And, then I ran through Eat My Lunch’s lending campaign, where they raised over $800,000 from 238 investors to improve their technology and launch their buy one give one lunch programme in Wellington. They offered two interest rates – 0% with more lunches gifted, or 6% with fewer lunches gifted, and will repay this loan over the next 5 years. Lending is interesting because you don’t need to be structured as a company to issue loan notes, you could be a charity.
For the second half of the workshop (after breaking for hot cross buns of course) we gave the attendees the option of what we could cover. They chose these three sessions:
Capital strategy – what is it?
Dave ran through what you need to think about when setting up your capital strategy. This is helpful when raising for growth and doing numerous rounds. You have to think about where the next round is coming from. For each round be clear on:
- Why do you need money
- How much do you need?
- How will you use it?
- What will you achieve? Achieve – evidence, how are you taking away risk, making next raise cheaper. (Investors may or may not be concerned with this, depending on how established you are.)
- Where will it come from?
His main tips were was to be easy to deal with, which included:
- Have your housekeeping in order
- Be ready to talk
- Be ready to share
He also ran through this handy dandy chart.
2) Measuring impact – how do you do it?
In order to measure your impact, you need to be clear on what is going to change in the world as a result of what you are doing?
To know that you need to be clear on:
- Who has what problem?
- What happens to them / what do they do?
- What is the outcome of this?
- What impact does this result in?
When you’re thinking about the problem, you need to be clear on the difference between symptoms and causes. You also need to be aware that systems are complex (you know that, we know!).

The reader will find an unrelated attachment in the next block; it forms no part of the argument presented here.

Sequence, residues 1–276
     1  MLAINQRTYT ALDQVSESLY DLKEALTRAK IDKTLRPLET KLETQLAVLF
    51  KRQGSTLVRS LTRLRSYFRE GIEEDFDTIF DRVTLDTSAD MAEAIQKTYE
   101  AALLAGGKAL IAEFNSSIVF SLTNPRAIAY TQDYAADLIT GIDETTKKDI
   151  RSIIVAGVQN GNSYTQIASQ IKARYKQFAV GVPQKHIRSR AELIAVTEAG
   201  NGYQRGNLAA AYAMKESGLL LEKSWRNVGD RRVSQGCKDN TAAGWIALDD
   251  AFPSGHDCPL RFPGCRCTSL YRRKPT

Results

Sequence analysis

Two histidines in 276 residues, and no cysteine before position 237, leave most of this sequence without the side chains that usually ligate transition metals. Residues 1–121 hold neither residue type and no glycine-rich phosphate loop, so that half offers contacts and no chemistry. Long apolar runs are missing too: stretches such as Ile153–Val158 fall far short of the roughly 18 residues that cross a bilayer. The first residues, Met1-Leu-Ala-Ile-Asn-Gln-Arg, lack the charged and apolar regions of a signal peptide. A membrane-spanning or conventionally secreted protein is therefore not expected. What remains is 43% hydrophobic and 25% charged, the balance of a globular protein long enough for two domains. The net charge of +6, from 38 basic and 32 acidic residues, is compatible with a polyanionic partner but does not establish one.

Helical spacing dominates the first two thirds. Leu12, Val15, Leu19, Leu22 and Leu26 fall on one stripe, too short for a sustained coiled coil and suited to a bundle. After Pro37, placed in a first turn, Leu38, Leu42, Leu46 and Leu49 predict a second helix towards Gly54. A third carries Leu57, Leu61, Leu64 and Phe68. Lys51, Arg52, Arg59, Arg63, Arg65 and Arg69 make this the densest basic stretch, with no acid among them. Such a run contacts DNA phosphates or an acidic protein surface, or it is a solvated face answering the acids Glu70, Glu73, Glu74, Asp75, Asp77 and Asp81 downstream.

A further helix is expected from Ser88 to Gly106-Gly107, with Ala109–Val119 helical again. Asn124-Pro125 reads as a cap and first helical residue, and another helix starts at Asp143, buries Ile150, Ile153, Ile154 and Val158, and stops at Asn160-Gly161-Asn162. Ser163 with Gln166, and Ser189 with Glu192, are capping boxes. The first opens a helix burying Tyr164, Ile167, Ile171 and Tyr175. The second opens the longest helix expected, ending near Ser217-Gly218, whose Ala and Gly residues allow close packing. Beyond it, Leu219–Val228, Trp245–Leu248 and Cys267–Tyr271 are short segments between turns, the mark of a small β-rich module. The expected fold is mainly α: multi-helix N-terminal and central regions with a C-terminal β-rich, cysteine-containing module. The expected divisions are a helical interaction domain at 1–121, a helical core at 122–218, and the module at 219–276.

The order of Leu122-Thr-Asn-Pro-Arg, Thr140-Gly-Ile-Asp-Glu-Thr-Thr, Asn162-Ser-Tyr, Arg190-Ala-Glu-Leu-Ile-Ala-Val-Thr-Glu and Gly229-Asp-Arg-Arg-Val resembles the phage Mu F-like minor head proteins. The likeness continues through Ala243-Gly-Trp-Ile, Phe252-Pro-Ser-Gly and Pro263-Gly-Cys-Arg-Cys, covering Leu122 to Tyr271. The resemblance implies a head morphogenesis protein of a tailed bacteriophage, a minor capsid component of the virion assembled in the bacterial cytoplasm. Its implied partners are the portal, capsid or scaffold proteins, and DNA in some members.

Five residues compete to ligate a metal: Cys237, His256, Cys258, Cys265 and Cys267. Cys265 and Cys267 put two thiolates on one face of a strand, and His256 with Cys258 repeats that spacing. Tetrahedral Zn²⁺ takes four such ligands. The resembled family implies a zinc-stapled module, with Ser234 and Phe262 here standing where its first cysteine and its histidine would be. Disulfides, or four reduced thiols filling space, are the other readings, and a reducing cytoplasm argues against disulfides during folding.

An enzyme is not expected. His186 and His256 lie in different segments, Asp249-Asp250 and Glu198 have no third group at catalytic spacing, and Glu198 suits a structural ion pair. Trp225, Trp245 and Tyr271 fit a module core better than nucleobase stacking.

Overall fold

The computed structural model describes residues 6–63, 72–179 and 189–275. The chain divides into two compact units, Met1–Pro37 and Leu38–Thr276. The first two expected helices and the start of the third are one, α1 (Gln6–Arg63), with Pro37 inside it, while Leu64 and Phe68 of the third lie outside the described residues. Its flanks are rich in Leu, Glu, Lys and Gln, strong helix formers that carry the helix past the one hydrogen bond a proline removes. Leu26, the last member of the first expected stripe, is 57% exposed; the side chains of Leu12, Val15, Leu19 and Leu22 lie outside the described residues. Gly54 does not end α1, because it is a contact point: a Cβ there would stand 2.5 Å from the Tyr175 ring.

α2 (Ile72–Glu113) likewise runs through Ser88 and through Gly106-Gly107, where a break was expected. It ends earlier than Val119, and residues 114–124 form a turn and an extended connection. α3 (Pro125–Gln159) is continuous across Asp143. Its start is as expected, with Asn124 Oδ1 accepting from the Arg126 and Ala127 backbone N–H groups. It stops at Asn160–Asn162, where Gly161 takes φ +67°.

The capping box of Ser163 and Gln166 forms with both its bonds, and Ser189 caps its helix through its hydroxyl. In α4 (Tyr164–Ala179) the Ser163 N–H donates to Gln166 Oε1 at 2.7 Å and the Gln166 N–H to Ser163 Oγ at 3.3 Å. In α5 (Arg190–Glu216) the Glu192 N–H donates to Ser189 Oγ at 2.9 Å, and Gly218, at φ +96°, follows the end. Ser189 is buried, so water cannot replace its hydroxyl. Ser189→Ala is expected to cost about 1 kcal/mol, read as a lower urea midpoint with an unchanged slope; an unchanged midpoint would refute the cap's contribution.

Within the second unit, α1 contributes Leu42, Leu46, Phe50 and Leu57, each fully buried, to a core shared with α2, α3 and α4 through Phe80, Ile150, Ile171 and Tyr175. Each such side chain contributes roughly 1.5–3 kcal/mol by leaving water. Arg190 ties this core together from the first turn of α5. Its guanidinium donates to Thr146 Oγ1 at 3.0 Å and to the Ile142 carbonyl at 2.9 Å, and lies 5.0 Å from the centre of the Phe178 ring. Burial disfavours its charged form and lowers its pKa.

Here’s one example Theory of Change:
You need a process for evaluating your impact, not just a product. It should look at understanding how change happens and what your role is in it. Then design your impact, and make it happen. Once you’ve implemented, assess the impact of your effort, and reflect on what happened / why. If it’s not working, iterate. If it is, keep going.
3) Locking mission – what are the different ways?
The final area we discussed was locking in your mission. Emma ran through this triangle. At the top is the loosest way to protect your mission, and at the bottom of the triangle the tightest way to ensure your mission. You need to pick the level that is right for you.
In the end, the event was all about the crowd, meeting people, learning some new things, hearing everyone’s stories and getting feedback from each other. We already knew this, that feeling isolated and working on your organisation in silos can make things feel hard, so coming together can be useful.
We’re looking to run future events around the country, and bring that cohort back together to learn from each other. The cool thing with social enterprise is that if we solve the problems we all win.
Are you interested in having us in your home town? Comment below!